I was rather blessed that the crotch fitted perfectly straight out of the envelop which might go some way to explain my joy.  The only thing I would suggest is that any fabric you chose to use, consider 1% or 2% of stretch, just for comfort’s sake and recoverability. Mine aren’t even lined which is unusual for me but the seams were pressed three times and then overlocked.


I reckon I’ll be wearing these with a plain black top and a colourful cardi or jacket. They look equally good with high heels or flats and have slim enough legs that they will easily slip into a pair of boots.


This die hard Vogue girl is mightily impressed with a different pattern company.







Patchwork Clothes

When you hear that phrase, what do you think of?

Tree huggers and hippies? Charlie Chaplin and the Kid?

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Maybe the 1970s -

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Late ’90s flirt with bohemia -


YSL and Giorgio Sant’Angelo again 1970


6a01156f47abbe970c014e8be876b5970d-800wi1970spatchworkprinttietop1_grandeCertainly colourful, flowing, full skirted and wide bell-bottomed trousers – oh the things we wore!

Everything comes around and this year, patchwork is back! Albeit a little more refined perhaps and with a 2015 price tag.


Gucci patchwork S/S 2015



Gucci silk patchwork joggers














Gucci silk patchwork jacket $7,200

The late, great Koos van der Akker shared many of his design with us via Vogue but I have never been brave enough to try one.
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And catwalk trends this year are harking back to the 1970 vibe – which ultimately means patchwork and colour.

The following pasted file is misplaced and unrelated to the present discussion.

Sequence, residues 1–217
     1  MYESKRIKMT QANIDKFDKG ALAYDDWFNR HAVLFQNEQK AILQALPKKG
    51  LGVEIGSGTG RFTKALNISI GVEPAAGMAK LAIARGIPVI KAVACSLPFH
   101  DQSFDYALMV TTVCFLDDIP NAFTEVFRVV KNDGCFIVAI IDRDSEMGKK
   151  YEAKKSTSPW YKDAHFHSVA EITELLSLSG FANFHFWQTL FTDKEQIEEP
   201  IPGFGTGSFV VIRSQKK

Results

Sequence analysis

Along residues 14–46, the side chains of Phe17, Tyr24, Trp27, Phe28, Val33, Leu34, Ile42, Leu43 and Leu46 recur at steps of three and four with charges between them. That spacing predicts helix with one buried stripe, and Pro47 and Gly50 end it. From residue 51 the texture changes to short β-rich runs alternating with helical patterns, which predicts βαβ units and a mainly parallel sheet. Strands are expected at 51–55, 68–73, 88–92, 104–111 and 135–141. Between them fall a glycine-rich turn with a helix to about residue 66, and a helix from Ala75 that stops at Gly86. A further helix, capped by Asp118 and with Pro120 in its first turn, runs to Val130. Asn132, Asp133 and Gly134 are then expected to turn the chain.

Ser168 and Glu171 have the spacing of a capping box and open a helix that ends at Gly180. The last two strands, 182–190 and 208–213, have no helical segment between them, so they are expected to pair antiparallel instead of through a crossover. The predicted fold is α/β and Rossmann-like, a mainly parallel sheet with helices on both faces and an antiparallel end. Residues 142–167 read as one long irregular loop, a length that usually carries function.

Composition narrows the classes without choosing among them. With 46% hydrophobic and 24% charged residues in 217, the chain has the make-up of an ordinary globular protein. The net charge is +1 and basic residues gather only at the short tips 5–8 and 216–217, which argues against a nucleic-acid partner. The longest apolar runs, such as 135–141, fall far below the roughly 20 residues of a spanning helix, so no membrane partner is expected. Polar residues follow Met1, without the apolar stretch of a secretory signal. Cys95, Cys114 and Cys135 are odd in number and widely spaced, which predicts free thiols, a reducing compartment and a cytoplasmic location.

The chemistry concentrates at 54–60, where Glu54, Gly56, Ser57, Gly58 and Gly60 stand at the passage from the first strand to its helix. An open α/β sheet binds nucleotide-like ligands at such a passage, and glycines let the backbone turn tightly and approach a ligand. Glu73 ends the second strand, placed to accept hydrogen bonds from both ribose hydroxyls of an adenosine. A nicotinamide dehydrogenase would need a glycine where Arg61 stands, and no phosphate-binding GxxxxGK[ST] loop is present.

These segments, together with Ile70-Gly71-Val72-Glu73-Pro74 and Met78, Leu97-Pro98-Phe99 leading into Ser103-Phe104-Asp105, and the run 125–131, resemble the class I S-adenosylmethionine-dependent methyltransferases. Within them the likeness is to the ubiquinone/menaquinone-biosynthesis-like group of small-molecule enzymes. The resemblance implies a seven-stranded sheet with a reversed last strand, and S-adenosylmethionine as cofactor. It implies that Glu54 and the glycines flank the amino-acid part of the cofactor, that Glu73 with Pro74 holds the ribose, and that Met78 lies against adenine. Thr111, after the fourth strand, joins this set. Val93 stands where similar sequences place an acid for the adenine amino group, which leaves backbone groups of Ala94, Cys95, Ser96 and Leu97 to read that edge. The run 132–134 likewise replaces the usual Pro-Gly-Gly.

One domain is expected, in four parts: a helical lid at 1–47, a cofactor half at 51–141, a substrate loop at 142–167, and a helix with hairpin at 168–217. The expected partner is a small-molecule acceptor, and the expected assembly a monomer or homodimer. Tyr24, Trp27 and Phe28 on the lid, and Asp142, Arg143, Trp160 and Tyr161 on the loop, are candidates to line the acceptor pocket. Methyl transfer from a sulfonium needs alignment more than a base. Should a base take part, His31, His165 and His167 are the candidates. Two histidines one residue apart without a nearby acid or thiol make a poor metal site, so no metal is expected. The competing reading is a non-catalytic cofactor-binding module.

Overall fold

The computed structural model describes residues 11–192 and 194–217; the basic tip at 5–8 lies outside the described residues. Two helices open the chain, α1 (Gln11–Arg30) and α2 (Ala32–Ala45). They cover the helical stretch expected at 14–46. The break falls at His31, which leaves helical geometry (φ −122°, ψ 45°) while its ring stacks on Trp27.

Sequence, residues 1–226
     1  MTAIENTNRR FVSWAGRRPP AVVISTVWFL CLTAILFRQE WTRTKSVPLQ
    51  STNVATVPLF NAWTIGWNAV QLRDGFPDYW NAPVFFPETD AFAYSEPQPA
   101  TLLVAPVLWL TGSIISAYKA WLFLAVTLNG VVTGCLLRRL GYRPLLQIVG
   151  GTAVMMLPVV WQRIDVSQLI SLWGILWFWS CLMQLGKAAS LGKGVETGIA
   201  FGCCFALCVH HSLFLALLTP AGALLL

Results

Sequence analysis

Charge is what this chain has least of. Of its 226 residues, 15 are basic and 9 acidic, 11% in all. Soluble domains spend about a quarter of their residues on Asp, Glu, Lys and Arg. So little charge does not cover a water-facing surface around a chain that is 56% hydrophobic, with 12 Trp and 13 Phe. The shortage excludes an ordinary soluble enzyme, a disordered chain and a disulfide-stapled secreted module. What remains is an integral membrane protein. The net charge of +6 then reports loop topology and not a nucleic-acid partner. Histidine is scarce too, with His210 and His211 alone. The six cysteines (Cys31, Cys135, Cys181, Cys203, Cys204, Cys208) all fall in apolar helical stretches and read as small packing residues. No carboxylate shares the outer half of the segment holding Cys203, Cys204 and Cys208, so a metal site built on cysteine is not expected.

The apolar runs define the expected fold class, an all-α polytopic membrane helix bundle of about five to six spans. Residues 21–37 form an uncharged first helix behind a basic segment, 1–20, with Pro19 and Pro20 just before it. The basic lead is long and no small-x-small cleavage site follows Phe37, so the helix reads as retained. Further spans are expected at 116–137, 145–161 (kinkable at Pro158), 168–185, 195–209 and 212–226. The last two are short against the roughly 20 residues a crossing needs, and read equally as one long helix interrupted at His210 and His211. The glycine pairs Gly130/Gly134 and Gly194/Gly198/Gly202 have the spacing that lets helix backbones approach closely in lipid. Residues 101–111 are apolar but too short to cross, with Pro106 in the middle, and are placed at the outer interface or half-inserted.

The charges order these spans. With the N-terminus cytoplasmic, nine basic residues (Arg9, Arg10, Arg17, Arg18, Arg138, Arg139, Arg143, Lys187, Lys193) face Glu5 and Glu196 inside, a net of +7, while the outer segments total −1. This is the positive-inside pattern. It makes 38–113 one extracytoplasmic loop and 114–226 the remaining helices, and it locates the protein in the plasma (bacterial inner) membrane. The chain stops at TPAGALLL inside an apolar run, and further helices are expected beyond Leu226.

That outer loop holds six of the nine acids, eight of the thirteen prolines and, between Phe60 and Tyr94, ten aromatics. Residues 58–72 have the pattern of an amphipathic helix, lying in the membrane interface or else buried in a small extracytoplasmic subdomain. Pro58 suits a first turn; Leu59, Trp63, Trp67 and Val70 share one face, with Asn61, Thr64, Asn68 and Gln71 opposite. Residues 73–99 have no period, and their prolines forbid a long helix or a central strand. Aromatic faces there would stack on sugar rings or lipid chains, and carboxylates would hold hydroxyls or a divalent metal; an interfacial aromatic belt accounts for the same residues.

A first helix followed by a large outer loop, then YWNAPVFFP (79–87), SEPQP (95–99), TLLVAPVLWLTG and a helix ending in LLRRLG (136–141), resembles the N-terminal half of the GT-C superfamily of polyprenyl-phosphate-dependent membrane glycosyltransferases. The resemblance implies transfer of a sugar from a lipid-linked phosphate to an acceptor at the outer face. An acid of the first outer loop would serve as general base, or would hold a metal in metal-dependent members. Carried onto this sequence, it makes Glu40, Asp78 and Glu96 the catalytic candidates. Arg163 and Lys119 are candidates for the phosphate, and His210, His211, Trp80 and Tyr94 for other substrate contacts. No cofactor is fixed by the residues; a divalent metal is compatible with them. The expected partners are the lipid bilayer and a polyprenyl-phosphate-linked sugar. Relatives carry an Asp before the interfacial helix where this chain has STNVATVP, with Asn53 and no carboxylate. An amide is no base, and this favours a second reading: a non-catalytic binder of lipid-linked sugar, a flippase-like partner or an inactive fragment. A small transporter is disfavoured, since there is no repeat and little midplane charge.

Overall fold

54bbdaf810064_-_hbz-trends-ss2015-70s-suede-01-saint-laurent-rs15-0147-lg trend-70s-patchwork











Now to my quilting class and my idea to sew a patchwork scarf. Scarf made, and a skirt, and a bag!


I believe this is called a French braid and the fabric selection is designed by Minnick & Simpson for Moda and called Lexington: the colours include whites, creams, tans, and blues.. Do you really want to know about strip sizes and patchwork techniques? Nah, we’ll just look at the pictures…….

DSCN5005 DSCN5006

I bought an extra 1.5m of the large flower design and made the best skirt in the world – V1247, lengthened, as always. I used up every scrap of my fabric: the skirt has a patchwork inset around the hem. It is lined with a heavy muslin and the patchwork bit is lightly quilted to it.


And with all the bits left over, you sew these together and create another 1/2m of fabric and I got a matching bag – Japanese Knot, downloaded from here.



So far I’ve worn the skirt and scarf with a big tough Ziggi biker jacket and navy boots to make it seem a little less twee and because it is winter and cotton skirts in February are really not such a good idea. So while Lizzy is making winter clothes in summer, I’m making summer clothes in winter.


Now, I know this isn’t actually possible…..but…..I buy little bitty bits of fabric, sew them together and end up with more yardage than I started with!?


See, I knew those quilters had the dark forces on their side and now I have the proof.